Does Facebook Need a New CEO?

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Facebook (Nasdaq: FB  ) reported earnings for the first time as a public company last week, and the results were mixed. Revenue was up 32%, which exceeded analysts' forecasts. And its adjusted net profit met expectations as well.

Investors were apparently hoping for more, however, and the stock dropped precipitously after the news. Facebook shares are now trading roughly 40% lower than the IPO price of $38 per share.

One commentator has already seen enough. Writing just after the earnings report, John Abell from Reuters wondered if Facebook needs a new CEO.

Zuckerberg isn't a hero
Abell noted the poor performance of the stock since the IPO, and then declared that "Facebook is a stock for the masses" and that the "masses need a hero." According to Abell, Zuckerberg is not that hero, because he's not playing to his strength, which is presumably "product strategy." Abell implies that Zuckerberg is not suited to the day-to-day grind of running a public company, and says he should "get out of the line of fire and retreat to the lab."

A pitiless smackdown
Sarah Lacy, founder and editor-in-chief of PandoDaily, responded mercilessly to Abell's commentary. First, she noted that founder CEOs have had extraordinary success in Silicon Valley, so tampering with that formula would seem very unwise. Just look at the tenures of Larry Page at Google and Steve Jobs with Apple and compare their performance with that of Hewlett-Packard and Yahoo!, which have both struggled in recent years to find effective CEOs who can lead their businesses. Throwing a founder CEO overboard may not be the best strategy, according to Lacy.

She also notes that Zuckerberg is the one who made Facebook what it is today, and that he has built "a site of unprecedented global size in a matter of years." That's what a CEO does, and Lacy feels Zuckerberg has been doing it better than "anyone else of this generation."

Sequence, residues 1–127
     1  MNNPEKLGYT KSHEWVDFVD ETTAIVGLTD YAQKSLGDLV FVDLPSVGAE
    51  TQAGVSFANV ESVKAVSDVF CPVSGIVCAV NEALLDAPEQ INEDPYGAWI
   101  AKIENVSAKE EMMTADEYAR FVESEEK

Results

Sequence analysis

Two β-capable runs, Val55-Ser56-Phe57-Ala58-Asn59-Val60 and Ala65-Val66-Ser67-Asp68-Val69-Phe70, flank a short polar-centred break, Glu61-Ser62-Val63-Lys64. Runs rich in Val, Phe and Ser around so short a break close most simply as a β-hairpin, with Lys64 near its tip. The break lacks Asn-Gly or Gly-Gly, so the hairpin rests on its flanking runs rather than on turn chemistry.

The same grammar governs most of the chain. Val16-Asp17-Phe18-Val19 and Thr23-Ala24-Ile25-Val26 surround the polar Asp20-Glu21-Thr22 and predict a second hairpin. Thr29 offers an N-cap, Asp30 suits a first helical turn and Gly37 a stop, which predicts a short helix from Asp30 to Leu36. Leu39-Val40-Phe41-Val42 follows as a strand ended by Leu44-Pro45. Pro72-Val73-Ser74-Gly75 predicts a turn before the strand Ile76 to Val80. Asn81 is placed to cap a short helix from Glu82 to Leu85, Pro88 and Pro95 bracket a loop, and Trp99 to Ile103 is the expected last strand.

Short-term silliness
I think Lacy is absolutely correct in challenging Abell, though she may have been -- as June Cleaver might have said – a bit rough on "the Beaver." Zuckerberg has demonstrated great leadership abilities in building a company that now has more than 950 million users. Marc Andreessen, who sits on Facebook's board, told Charlie Rose recently that Zuckerberg has worked really hard at teaching himself to be CEO. In addition to having built one of the best teams in Silicon Valley, Zuckerberg is a magnet for talent, according to Andreessen. That's something that Steve Jobs was noted for as well.

Abell's desire for a CEO change is a perfect illustration of the market's short-term attitude toward Facebook. Is it really possible to understand Facebook's future based on one quarter's worth of results? One of its most promising initiatives, Sponsored Stories, is just getting started. Is a couple of months enough time for investors to accurately assess its future prospects? Was there anything else from the earnings release and conference call that warranted a 14% haircut in the share price?

Of course not. And when market commentators continuously talk of how investors have "lost money" in Facebook, it completely ignores what might happen in the future for long-term investors of the company.

Zuckerberg clearly understands this. On the conference call, he admitted that he was disappointed in the performance of the stock so far. But then he added: